Various combinatorial numbers |

These considerations lead to various combinatorial numbers
so that a few
remarks concerning these are in order. For example, *Y ^{X}_{s,g}* is the set
of surjective mappings

m!S(n,m):= |m^{ n}_{s}| , where m,n ÎN.

These *S(n,m)* are called the *Stirling numbers *
of the *second
kind *. If *n* is used as row index and *m* as column index, then the upper
left hand corner of the table of Stirling numbers of the second kind is as
follows:

1 0 1 0 1 1 0 1 3 1 0 1 7 6 1 0 1 15 25 10 1 ... ...

There is a program for computing the stirling second numbers.

By definition
*m!S(n,m)* is equal
to the number of *ordered* set partitions
*( n^{(1)}, ..., n
^{(m)})* of

B_{n}= å_{k=0}^{n}S(n,k).

These numbers *B _{n}* are called

Another consequence of the definition of Stirling numbers of the second kind and of Corollary is

| Y | !S(c( bar (g)), | Y | )= | Y_{s,g}^{X}| = å_{k=1}^{ | Y | }(-1)^{ | Y | -k}[ | Y | choose k]k^{c( bar (g))},

which implies:

Stirling's FormulaForm>0and any natural numbernwe have:S(n,m)=(1)/(m!)å_{k=1}^{m}(-1)^{m-k}[m choose k]k^{n}.

Another series of combinatorial numbers shows up if we rewrite Theorem in the following form:

| G \\Y_{s}^{X}| =(| Y | !)/(| G |)å_{k=1}^{ | X | }S(k, | Y | ) | {g ÎG | c( bar (g)) =k } | .

We put

r(n,k):= | { pÎS_{ n}| c( p)=k } | ,

and call these the *signless*
Stirling numbers of the *first kind*.
They satisfy the following recursion formula, since in * pÎS _{n} *
the point

Lemma:Forn,k >1we havewhile the initial values arer(n,k)=r(n-1,k-1)+(n-1)r(n-1,k)r(0,0)=1andr(n,0)=r(0,k)=0, forn,k>0.

The upper left hand corner of a table containing
these numbers *r(n,k)*, for
*n,k Î N*, is as follows

1 0 1 0 1 1 0 2 3 1 0 6 11 6 1 0 24 50 35 10 1 ... ...

There is a program for computing the stirling first numbers.

We now return to the number * | S _{X} \\Y^{X}_{s} | *.
The exercise
together with the identity yields

(| Y | !)/(| X | !)å_{k=1}^{ | X | }r( | X | ,k)S(k, | Y | ) = [ | X | -1 choose | Y | -1].

Another series of combinatorial numbers arises when we count certain injective symmetry classes, since Theorem implies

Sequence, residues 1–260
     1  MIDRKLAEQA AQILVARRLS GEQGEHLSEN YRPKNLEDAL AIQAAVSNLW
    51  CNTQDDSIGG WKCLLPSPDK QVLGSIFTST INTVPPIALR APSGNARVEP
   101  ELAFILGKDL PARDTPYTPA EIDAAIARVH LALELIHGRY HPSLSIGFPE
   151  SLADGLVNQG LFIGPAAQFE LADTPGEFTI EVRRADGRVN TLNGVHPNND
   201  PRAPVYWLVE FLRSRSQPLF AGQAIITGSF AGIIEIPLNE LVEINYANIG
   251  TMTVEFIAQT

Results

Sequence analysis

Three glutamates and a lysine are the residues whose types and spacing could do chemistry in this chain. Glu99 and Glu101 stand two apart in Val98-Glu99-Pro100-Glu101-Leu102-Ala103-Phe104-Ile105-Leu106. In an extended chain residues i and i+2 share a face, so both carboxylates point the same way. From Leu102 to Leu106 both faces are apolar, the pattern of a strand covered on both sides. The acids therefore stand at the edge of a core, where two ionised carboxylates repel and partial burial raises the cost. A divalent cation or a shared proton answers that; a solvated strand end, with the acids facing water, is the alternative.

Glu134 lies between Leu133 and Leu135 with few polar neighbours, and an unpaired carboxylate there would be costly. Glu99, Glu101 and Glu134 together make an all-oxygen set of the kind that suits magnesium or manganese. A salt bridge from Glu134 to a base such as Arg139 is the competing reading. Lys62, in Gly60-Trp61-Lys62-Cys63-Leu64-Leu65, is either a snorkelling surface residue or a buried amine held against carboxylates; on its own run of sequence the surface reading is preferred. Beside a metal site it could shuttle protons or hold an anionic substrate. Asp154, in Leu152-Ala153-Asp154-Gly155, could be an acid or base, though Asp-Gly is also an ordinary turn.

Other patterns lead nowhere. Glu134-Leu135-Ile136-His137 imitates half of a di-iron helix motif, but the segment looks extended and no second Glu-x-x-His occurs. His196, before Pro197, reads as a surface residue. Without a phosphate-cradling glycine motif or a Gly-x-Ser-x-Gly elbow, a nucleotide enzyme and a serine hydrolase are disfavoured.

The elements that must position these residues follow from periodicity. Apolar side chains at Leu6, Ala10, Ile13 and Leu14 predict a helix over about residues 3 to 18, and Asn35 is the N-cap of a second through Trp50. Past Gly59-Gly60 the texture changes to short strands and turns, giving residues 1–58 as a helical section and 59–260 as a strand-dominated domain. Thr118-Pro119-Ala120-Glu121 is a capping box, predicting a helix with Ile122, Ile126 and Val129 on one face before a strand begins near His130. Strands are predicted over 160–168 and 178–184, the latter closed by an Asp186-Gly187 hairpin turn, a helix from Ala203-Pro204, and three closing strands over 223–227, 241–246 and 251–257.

| S_{Y}\\Y_{i}^{X}| =(| X | !)/(| Y | !)å_{k= | X | }^{ | Y | }t( | Y | ,k) [k choose | X | ],

where *t(n,k):= | { pÎS _{ n} | a_{1}( p)=k } | *.
It is easy to derive these numbers from the

t(n,k)=[n choose k]R(n-k).

This can be made more explicit by an application of exercise which yields

R(n)=n! å_{k=0}^{n}((-1)^{k})/(k!).

There is a program for computing the recontre numbers and their generalization.

Now we use that, for * | Y | >= | X | , | S _{Y} \\Y^{X}_{i} | =1*, so that by the last three equations:

1= å_{k= | X | }^{ | Y | }(1)/((k- | X | )!)å_{j=0}^{ | Y | -k}((-1)^{j})/(j!), if | Y | >= | X | .

It is in fact an important and interesting task of enumeration theory to derive identities in this way since they are understood as soon as they are seen to describe a combinatorial situation. Another example is the identity

Lemma:For natural numbersnandkthe following identities hold:å_{m=1}^{k}[k choose m][n-1 choose m-1]=[n+k-1 choose n] =(1)/(n!)å_{ pÎS n}k^{c( p)}.

Proof: Exercise implies
that, for *m <= k*,

[k choose m][n-1 choose m-1]

is equal to the number of symmetry classes of * S _{n} * on

harald.fripertinger "at" uni-graz.at | http://www-ang.kfunigraz.ac.at/~fripert/ |

UNI-Graz | Institut für Mathematik |

UNI-Bayreuth | Lehrstuhl II für Mathematik |

Various combinatorial numbers |